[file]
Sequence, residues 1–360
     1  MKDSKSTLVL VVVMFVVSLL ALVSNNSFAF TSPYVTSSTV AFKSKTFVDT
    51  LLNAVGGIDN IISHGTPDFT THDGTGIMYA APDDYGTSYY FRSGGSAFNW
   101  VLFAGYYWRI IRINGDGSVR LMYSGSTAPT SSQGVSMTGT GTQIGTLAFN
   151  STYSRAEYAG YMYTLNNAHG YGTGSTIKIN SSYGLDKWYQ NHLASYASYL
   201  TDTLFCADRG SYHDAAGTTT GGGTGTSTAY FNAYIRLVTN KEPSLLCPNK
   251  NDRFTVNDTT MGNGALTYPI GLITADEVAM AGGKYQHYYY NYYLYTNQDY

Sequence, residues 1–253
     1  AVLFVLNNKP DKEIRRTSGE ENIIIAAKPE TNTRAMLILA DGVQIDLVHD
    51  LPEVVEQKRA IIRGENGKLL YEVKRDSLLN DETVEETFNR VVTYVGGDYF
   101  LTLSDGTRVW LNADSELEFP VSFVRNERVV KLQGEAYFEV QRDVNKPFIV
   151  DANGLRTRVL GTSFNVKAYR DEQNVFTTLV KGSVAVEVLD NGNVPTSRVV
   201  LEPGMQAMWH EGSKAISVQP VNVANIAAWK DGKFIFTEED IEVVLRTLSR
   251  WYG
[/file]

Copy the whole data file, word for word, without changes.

Sequence, residues 1–360
     1  MKDSKSTLVL VVVMFVVSLL ALVSNNSFAF TSPYVTSSTV AFKSKTFVDT
    51  LLNAVGGIDN IISHGTPDFT THDGTGIMYA APDDYGTSYY FRSGGSAFNW
   101  VLFAGYYWRI IRINGDGSVR LMYSGSTAPT SSQGVSMTGT GTQIGTLAFN
   151  STYSRAEYAG YMYTLNNAHG YGTGSTIKIN SSYGLDKWYQ NHLASYASYL
   201  TDTLFCADRG SYHDAAGTTT GGGTGTSTAY FNAYIRLVTN KEPSLLCPNK
   251  NDRFTVNDTT MGNGALTYPI GLITADEVAM AGGKYQHYYY NYYLYTNQDY

Sequence, residues 1–253
     1  AVLFVLNNKP DKEIRRTSGE ENIIIAAKPE TNTRAMLILA DGVQIDLVHD
    51  LPEVVEQKRA IIRGENGKLL YEVKRDSLLN DETVEETFNR VVTYVGGDYF
   101  LTLSDGTRVW LNADSELEFP VSFVRNERVV KLQGEAYFEV QRDVNKPFIV
   151  DANGLRTRVL GTSFNVKAYR DEQNVFTTLV KGSVAVEVLD NGNVPTSRVV
   201  LEPGMQAMWH EGSKAISVQP VNVANIAAWK DGKFIFTEED IEVVLRTLSR
   251  WYG